Rounding the corner, I make eye contact with a man holding a sign: Fired, disabled, homeless with hungry mouths to feed.
“Hey, buddy,” he says, “any change to spare?”
Checking my watch I shake my head and start to jog, my stomach tightening.
Making it to the coffee shop I sigh at the line out the door. Remembering the side door, I begin to smile. The air conditioning almost makes me scream when I step inside. I head into the throng making my way to the middle of the line. “Why do they keep it so cold in here?” I say to an older man. I smile to the suit on the phone behind him.
He rolls his eyes inching back and I take the place in line.
“This is the best coffee place in town.” I say to the older man.
He simply nods.
Getting to the counter I order my usual coffee, and twelve breakfast wraps.
I slip out with my order amidst curses at the empty breakfast display case. I sip my coffee and head back for my apartment. As I pass I hand the homeless man the bag of breakfast wraps. “I hope the hungry mouths don’t mind spinach and egg-whites.”
He looks into the bag, his eyes widening. He shakes his head. “You’re the first person to in two days.” He looks around at a loss of words. “God bless.”
I incline my head and continue on my way. The Godzilla roar echoes from my phone into the street and I laugh, picking it up. “Hi, baby.”
“Harvey, I need you to pick up some things for the rehearsal dinner tonight,” Caroline says.
“Okay, text me the list.” I take a deep breath hearing her voice shake. “Sweetheart, you have to calm down. Everything is going to be fine.”
“Don’t tell me everything is going to be fine. Everyone keeps saying everything will be fine and it’s making me distinctly not fine.” With that, she hangs up.
At home I change into the green button down Caroline begged me to wear. I tuck the tag into the sleeve so I can return it after the rehearsal dinner. I grab my keys, checking over her list as I get into the car.
The grocery store is practically dead. Just the way I like it. I pop my earbuds in, heading through the produce department, and dance like Caroline always begs me not to in public. The way that always made my momma laugh the hardest. I pretend not to notice the workers when they smile. I grab Caroline’s broccoli-rabe and broccolinie, her leeks, spaghetti squash, and eggplant. I cringe, but she loves this stuff. Veggie-head. Picking up a bag of grapes I wait until I turn into a deserted aisle and pop a few in my mouth. I keep shopping, dancing, and munching. This is the only way to do get through a “honey do” list.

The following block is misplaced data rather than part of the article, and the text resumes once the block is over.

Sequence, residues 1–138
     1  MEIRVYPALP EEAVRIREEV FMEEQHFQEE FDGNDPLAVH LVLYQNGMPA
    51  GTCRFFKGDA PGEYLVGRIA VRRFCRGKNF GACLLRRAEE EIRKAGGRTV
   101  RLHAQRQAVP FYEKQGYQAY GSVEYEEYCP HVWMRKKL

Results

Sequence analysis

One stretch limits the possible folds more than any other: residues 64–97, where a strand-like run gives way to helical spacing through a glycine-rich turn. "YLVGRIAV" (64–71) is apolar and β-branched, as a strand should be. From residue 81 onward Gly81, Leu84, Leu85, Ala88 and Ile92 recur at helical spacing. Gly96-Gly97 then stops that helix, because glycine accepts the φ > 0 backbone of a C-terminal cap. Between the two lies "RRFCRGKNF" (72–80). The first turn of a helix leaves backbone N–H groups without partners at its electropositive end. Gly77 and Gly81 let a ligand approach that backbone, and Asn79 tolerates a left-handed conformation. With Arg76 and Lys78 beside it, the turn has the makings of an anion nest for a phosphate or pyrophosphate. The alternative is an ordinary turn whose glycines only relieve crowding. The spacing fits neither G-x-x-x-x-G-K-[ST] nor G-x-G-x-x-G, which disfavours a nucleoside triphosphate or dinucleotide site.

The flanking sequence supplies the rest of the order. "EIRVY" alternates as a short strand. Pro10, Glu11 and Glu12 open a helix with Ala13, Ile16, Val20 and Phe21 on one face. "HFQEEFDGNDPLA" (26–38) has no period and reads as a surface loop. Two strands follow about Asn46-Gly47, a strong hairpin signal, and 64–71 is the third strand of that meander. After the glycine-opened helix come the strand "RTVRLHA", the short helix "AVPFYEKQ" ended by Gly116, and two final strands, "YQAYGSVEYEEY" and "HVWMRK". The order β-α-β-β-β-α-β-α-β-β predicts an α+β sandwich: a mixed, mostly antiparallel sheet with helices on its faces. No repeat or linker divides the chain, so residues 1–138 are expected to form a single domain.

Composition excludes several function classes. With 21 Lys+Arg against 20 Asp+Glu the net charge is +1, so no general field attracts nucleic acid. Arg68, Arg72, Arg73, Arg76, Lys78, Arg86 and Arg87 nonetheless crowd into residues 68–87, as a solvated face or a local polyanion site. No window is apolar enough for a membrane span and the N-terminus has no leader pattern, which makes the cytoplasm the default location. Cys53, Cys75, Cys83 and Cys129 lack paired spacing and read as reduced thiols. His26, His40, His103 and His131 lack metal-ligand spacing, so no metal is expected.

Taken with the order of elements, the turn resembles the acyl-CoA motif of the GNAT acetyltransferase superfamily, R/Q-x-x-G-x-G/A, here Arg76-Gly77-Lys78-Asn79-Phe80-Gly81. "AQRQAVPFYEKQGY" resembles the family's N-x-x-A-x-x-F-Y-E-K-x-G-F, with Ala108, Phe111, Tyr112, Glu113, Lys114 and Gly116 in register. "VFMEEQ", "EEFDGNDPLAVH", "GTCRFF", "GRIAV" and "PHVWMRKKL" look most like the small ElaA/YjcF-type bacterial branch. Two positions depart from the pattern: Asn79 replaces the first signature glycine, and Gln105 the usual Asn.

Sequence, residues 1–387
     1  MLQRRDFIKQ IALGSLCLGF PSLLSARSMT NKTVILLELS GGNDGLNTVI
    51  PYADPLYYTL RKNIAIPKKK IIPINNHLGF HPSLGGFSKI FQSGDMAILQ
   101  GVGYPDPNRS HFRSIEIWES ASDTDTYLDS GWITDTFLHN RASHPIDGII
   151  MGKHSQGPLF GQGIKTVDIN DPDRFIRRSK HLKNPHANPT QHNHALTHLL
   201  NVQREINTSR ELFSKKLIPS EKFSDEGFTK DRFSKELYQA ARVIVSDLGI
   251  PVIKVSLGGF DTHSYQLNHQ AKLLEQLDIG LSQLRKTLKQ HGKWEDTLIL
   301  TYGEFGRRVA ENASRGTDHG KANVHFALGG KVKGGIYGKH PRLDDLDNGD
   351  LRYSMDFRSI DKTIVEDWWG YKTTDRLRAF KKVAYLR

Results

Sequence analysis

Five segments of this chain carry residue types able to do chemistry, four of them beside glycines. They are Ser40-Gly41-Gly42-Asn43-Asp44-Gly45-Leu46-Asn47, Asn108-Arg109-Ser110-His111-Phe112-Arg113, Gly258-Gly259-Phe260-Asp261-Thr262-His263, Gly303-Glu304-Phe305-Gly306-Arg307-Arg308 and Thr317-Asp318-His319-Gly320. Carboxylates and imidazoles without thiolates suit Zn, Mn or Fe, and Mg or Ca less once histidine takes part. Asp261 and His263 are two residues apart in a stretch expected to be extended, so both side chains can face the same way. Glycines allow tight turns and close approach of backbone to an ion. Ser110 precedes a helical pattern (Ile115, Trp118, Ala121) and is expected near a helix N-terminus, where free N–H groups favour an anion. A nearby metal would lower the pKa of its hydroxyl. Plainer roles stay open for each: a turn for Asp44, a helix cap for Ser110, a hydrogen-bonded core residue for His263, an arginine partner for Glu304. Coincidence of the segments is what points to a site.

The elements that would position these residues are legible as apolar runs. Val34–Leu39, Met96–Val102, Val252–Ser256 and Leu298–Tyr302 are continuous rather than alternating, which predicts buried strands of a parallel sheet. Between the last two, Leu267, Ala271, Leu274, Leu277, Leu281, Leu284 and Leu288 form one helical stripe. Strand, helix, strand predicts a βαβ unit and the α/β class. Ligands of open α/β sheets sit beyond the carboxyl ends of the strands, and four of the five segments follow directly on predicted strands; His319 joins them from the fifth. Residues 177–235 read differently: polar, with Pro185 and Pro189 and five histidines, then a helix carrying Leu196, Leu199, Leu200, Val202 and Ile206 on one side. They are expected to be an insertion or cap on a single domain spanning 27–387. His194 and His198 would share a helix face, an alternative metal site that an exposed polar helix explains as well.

Coming into the baking aisle I see a little old woman struggling to get off her scooter. Her face contorts in pain as her knees crack and snap. She leans against the shelving and reaches as far as she can, her lip beginning to quiver when she can’t reach the cake mix box.
“May I help you, ma’am?” I gently touch her shoulder.
Wiping her nose with a handkerchief, she nods.
I help her back onto her scooter and pull down the box of yellow cake mix.
“Two, please,” she says.
I hand her the second box and she takes my hand.
“Thank you, young man.”
“My pleasure, miss.” I kiss her hand and she blushes. I fight to keep from laughing.
“What’s the occasion? Or do you just love to bake?”
She wipes another tear. “My anniversary. Yellow cake was my Charley’s favorite. This is my first year without him.” She runs her fingers over the lettering of the brand on the box. “You must think it’s terribly silly of me to bake a cake when it’s just me.”
“I’m getting married this weekend, so I think I can appreciate the romance of it.”
She smiles. “Your bride is a blessed woman.”
I shake my head. “I’m the blessed one. I still don’t know how that hourglass fell for this egg-head. She’s the smartest, funniest, most incredible woman.”
Her eyes drop to my cart and she frowns.
She indicates my mostly eaten bag of grapes. “They seem to be selling less and less for more and more these days. I remember when I was a girl and bags would be full and the prices were so much lower.”
I clear my throat, shifting my weight.
“It’s a form of robbery, but does anyone get arrested?” She says. “No.”
I incline my head and wish her a good rest of the day.
Making my way to the checkout, I pop a few more grapes into my mouth. My phone roars again.
“Did you get the things from the store?”
“Yes, honey. I’m in line to check out right now.” I pop another grape.
“Good. I’m on my way to pick up my grandparent’s from the airport. Tonight has to be perfect. You know how critical my grandma can be.”
“Honey, it’s going to be—”
“Sir.” Someone taps my shoulder.
I frown at the female officer behind me. “Hold on, Caroline.” I pull out one of my earbuds. “Yes, ma’am?”
“Can we step over here? I need to speak with you. And bring your cart, please.”
Caroline keeps talking, as usual.
“How can I help you, officer?”
“Officer?” Caroline says. “What’s going on, Harvey?”
“Have you been eating these grapes?” The officer picks up the bag.
A man with a manager’s name tag on his shirt stands behind her tapping his foot. “Yes he has! I’ve been following him and I saw him gobble them all.”
I blink, my mouth hanging open. “Caroline, I’m going to have to call you back.”
“I can’t believe these truckers!” Caroline fumes. “I’m going to be late.”
“Are you aware,” the officer says, “that’s it’s illegal to eat things you haven’t bought?”
“Sir, you’re going to have to come with me.”
I wince hearing a horn blare as Caroline’s terrified shriek and the shattering of glass ring in my ear. “Honey? What’s wrong?” I pull away from the officer.
The call drops as the officer cuffs my hands behind my back.
Thank you so much fore reading! Have a question you’d like to “ask” Harvey? Leave it in a comment below and I’ll be sure to include it in my next character interview.